HIPAA Password Sharing

Password sharing in healthcare may contribute to productivity in certain situations, however, it is crucial to maintain strict control over this practice and never allow it for accessing electronic protected health information (ePHI), a HIPAA violation.

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Shared passwords in healthcare can sometimes boost productivity, but stringent control is essential to safeguard access to electronic protected health information (ePHI). Violating the standards set by the Health Insurance Portability and Accountability Act (HIPAA), healthcare professionals must not share passwords that grant access to ePHI. Companies may endorse password sharing to encourage collaboration, delegate work, cut costs, or allow colleagues to access accounts when someone is absent, working remotely, or on sick leave. Some employees, when unable to recall their own credentials, employ their colleagues' login information to lessen the load on the IT Helpdesk. Unfortunately, the methods employed to share passwords often lack security measures.

Exploring the Applications of Password Sharing in the Healthcare Industry

Despite the increasing focus on online security within the healthcare industry, it may seem strange that healthcare organizations allow password sharing. However, this practice is generally limited to specific situations and when it is properly monitored and controlled, it can actually enhance productivity in certain areas. For example, the marketing department may share passwords for company social media accounts, the finance department may share passwords for company bank accounts, and the IT department may share passwords for cloud computing accounts.Nevertheless, there is one circumstance in the healthcare industry where password sharing should never be allowed, and that is when accessing electronic Protected Health Information (ePHI). The reason for this is that complying with the Technical Safeguards of the HIPAA Security Rule requires regular monitoring and logging of ePHI access. This ensures that any unauthorized disclosure, alteration, or deletion of ePHI can be traced back to the person responsible. Under 45 CFR § 164.312, Covered Entities are obligated to establish procedures that confirm the identity of individuals accessing ePHI and assign them a unique identifier (i.e., a password) to track their activities. Furthermore, according to 45 CFR § 164.312, Covered Entities must implement procedures to create, modify, and protect passwords, with the term "safeguarding" indicating that passwords should not be shared.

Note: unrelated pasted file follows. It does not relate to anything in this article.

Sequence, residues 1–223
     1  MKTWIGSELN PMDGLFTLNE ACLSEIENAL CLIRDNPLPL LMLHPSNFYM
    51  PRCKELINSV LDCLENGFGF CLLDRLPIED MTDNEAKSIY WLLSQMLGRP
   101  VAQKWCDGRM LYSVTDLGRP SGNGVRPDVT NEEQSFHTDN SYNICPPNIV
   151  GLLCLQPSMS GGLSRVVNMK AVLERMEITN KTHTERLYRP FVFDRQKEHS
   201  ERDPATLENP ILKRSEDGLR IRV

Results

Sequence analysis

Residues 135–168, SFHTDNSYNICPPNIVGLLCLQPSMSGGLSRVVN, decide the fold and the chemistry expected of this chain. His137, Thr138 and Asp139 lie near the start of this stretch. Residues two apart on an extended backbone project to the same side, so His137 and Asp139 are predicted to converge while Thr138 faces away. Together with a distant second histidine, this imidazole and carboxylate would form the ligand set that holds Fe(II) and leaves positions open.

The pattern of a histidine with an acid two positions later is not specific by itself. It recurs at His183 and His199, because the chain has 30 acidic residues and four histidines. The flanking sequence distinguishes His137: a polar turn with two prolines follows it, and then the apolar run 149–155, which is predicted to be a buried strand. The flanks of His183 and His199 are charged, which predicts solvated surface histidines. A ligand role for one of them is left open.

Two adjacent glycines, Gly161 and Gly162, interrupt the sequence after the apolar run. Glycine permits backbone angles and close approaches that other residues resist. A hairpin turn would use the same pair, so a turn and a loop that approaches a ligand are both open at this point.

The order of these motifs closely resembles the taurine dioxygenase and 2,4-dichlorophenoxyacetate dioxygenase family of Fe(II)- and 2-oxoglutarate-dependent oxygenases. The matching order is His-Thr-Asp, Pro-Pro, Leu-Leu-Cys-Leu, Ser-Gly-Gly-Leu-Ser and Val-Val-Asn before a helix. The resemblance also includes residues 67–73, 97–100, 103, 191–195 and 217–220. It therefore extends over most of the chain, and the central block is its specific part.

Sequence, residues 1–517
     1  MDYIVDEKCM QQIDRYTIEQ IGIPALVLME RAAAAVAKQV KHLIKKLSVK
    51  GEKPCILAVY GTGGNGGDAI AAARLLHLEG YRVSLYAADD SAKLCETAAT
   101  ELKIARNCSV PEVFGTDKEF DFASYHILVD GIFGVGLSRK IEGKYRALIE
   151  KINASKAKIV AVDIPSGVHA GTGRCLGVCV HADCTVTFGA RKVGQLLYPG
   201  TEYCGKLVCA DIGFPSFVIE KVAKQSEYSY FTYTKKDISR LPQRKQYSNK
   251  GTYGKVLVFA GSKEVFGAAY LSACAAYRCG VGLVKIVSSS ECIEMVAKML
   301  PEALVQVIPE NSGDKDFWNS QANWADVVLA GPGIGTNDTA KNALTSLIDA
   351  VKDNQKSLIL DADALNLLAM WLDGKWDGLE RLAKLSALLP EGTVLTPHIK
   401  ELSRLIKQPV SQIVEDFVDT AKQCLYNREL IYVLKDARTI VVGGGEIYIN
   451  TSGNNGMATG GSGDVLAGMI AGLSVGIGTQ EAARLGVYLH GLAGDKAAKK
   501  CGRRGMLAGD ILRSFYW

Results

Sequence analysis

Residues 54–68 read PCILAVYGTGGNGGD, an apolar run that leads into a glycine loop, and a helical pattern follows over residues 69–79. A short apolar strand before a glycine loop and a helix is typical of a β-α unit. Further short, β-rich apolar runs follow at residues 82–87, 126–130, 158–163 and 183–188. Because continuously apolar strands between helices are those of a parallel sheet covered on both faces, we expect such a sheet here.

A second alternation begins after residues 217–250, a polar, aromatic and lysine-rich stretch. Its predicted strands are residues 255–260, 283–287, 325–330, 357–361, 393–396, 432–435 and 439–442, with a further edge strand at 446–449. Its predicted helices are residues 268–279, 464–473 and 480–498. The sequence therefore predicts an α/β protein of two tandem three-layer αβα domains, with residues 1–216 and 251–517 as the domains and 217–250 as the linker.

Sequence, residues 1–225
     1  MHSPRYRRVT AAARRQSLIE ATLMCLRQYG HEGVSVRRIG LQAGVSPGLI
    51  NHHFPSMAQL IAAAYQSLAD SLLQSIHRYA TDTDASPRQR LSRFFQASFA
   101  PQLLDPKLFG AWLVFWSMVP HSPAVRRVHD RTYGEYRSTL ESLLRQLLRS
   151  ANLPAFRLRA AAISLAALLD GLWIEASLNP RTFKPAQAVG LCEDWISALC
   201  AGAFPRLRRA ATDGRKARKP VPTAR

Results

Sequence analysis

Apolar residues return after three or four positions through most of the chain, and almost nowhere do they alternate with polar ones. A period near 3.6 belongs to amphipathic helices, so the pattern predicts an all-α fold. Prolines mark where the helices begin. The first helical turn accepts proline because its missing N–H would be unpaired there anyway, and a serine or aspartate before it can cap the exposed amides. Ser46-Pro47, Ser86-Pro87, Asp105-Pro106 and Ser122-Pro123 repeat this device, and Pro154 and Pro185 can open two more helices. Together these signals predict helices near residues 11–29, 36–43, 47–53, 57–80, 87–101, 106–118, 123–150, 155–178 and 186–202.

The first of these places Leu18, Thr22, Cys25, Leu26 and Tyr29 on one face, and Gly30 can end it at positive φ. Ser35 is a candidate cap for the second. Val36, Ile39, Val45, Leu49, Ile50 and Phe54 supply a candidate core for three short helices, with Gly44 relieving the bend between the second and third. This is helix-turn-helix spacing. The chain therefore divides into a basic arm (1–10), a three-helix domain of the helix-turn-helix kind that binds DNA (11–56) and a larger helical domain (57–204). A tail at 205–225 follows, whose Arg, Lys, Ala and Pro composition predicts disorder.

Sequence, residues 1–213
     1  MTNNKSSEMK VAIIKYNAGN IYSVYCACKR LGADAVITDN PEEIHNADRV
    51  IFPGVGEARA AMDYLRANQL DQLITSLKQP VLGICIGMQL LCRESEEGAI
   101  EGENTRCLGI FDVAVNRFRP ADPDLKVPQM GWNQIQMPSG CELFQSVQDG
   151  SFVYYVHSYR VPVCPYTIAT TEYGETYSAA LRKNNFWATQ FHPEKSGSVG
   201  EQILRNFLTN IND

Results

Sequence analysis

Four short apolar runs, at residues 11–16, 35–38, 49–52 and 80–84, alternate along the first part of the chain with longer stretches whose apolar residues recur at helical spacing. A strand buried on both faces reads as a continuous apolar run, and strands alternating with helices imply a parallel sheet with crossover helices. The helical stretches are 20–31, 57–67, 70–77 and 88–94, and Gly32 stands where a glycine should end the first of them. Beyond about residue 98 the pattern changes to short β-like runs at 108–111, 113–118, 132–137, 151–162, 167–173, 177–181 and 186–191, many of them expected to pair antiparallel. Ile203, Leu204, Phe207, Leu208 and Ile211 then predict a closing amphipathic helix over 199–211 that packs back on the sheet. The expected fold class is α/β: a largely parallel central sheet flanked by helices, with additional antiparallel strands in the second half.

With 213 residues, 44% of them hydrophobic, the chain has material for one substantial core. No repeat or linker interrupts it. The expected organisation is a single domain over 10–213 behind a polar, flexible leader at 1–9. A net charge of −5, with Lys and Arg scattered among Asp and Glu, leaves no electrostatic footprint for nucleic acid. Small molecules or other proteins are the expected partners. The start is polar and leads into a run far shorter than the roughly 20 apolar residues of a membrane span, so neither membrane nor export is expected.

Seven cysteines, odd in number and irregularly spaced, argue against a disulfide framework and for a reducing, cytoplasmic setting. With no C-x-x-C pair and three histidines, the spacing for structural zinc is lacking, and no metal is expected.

A Guide to Ensuring Secure Password Sharing:

When healthcare providers allow for password sharing, it is important to do so securely. Sharing passwords carelessly can lead to inaccurate health advice being spread on social media platforms. While the consequences of a hacked bank account are typically financial, companies have suffered significant financial losses due to hackers infiltrating cloud accounts and mining cryptocurrencies. In order to minimize the risk of compromised accounts, healthcare organizations should consider implementing password managers that offer secure password sharing features. These solutions allow for controlled access to corporate passwords, whether they are being shared or not, and ensure that the passwords used are strong, complex, random, and not duplicated elsewhere within the organization. Additionally, password managers with secure password sharing capabilities can assist in sharing passwords with remote workers, as long as appropriate controls are in place to guarantee the secure transmission of login credentials. This includes features such as cross-platform compatibility (e.g. PC, mobile, web), flexible integrations, and top-notch encryption practices to protect data while in transit.


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